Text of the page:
Thursday 4 July 2024


The cultures of the Kiffian and Tenerian people at Gobero, Niger Republic, spanning from approximately 9,700 to 4,000 years ago, reflect sophisticated societies rather than civilizations by traditional Southwest Asian standards. Evidence from linguistics and cultural practices enhances this understanding. Using the Yoruba language, as an example of indicative Pre-Islamised Proto-Niger-Congo-Proto-Afrasan culture, reveals profound insights into their natural world understanding and societal complexity. Specific terms like "òkè" for mountain and "odò" for river illustrate their intimate relationship with the environment. Their cultural framework encompassed governance ("ìjọba"), legal systems ("ẹ̀sìn òfin"), craftsmanship ("ìṣẹ́ ọ̀wọ́"), and metallurgical artistry (àdàkọ àkùn). These societies, though lacking formal writing systems but displaying urbanization, exhibited advanced social organization, technological prowess, and cultural richness, challenging simplistic categorizations based solely on Mesopotamian model of civilization.

The cultures of the Kiffian and Tenerian people at Gobero, spanning from approximately 9,700 to 4,000 years ago, represent complex societies rather than civilizations in the traditional Mesopotamian sense. Here’s why:

Cultural Complexity: These societies demonstrated significant social organization, technological advancement, and adaptation to their environment, evident from their tools, burial practices, and artistic expressions like rock art. These facets indicate a structured society with symbolic culture.

Sedentary Lifestyle: The evidence suggests that while not fully sedentary, the people of Gobero lived in semi-permanent settlements, moving seasonally but establishing roots in specific areas. This settlement pattern suggests a more complex social structure than purely nomadic groups.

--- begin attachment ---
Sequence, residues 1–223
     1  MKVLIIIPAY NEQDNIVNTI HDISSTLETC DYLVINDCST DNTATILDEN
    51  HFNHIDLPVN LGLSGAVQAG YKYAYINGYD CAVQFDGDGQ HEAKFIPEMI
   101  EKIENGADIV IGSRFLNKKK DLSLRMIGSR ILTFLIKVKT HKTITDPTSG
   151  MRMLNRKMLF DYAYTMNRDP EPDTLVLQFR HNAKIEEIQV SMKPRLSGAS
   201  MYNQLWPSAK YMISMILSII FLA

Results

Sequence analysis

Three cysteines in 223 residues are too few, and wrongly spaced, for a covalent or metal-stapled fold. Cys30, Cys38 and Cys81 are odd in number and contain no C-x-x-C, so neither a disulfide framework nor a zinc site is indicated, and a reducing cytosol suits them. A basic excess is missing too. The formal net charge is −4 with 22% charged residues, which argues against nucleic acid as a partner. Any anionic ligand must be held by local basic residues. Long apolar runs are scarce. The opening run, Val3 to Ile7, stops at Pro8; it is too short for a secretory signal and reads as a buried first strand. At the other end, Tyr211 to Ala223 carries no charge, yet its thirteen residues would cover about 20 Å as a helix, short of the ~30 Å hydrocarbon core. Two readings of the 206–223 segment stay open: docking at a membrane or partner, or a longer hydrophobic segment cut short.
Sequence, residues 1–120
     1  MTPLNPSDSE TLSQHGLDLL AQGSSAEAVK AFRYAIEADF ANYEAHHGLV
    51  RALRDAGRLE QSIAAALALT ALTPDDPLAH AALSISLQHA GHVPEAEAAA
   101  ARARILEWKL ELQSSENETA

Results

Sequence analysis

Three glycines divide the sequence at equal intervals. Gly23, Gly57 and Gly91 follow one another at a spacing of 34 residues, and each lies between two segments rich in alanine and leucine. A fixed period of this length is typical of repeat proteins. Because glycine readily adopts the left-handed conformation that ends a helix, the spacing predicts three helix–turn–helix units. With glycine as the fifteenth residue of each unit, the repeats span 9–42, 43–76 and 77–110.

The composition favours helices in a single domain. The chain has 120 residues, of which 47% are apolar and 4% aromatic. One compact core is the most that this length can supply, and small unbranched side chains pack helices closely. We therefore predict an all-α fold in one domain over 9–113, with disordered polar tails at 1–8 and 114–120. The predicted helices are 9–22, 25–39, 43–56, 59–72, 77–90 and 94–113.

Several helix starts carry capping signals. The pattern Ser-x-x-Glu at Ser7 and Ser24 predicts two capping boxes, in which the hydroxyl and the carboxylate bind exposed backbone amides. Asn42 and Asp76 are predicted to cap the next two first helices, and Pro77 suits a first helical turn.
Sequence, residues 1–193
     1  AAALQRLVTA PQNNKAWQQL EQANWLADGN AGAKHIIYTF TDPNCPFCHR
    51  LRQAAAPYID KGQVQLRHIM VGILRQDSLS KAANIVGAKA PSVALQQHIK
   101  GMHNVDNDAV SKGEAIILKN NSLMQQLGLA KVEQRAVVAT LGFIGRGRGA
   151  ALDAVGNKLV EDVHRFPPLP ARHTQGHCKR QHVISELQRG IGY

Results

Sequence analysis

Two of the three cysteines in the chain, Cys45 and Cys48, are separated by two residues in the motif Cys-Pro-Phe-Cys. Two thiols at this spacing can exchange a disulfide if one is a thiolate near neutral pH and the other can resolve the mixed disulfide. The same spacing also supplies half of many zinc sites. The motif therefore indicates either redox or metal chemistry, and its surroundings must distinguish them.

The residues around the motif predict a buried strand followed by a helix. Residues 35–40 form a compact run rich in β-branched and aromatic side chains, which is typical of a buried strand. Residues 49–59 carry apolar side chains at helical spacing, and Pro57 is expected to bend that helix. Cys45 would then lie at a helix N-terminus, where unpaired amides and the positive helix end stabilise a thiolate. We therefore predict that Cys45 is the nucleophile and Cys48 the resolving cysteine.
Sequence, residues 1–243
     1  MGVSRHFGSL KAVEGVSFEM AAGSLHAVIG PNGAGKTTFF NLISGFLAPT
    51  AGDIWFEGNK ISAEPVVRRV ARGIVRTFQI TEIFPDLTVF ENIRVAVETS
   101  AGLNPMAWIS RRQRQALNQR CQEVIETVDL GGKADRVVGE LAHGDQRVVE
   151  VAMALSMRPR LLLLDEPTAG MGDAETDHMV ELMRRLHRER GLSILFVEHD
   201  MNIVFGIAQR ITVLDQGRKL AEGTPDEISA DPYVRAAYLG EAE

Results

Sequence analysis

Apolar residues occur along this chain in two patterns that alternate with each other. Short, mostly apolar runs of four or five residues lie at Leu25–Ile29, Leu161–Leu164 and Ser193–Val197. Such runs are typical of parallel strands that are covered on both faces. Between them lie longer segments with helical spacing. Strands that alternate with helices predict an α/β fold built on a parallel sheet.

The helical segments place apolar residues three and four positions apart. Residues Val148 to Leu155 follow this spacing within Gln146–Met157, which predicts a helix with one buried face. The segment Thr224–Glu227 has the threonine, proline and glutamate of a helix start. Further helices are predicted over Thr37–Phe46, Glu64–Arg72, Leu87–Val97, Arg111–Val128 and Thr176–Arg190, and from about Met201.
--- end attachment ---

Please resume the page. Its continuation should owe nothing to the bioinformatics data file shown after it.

Technological Advancements: Tools and weapons found at Gobero indicate a level of technological sophistication beyond mere survival needs, reflecting a society capable of crafting and using complex tools effectively.

Social Organization: Although specifics about governance or political structures are limited, the presence of elaborate burial customs and community-wide activities suggests some form of social hierarchy or communal organization.

Urbanisation and Trade Networks: The Kiffians, from 10,000 to 8,000 years ago, left evidence suggesting a level of urbanization and trade networks. Archaeological finds in the Sahara Desert indicate structured settlements with communal structures and evidence of specialized activities. Additionally, artifacts such as pottery and tools discovered in diverse locations point to extensive trade networks that connected distant regions. These findings challenge previous assumptions and underscore the sophisticated social and economic systems of the Kiffian culture during this prehistoric period.

Writing: Archaeological discoveries in Niger have revealed evidence of ancient proto-Saharan scripts. These scripts are associated with the Tifinagh script used by Berber peoples in North Africa. The discovery of inscriptions and rock art in various locations across the Sahara, including Niger, provides insights into the early forms of writing systems that were developed by ancient Saharan populations. These scripts are important for understanding the cultural and linguistic history of the region, dating back thousands of years.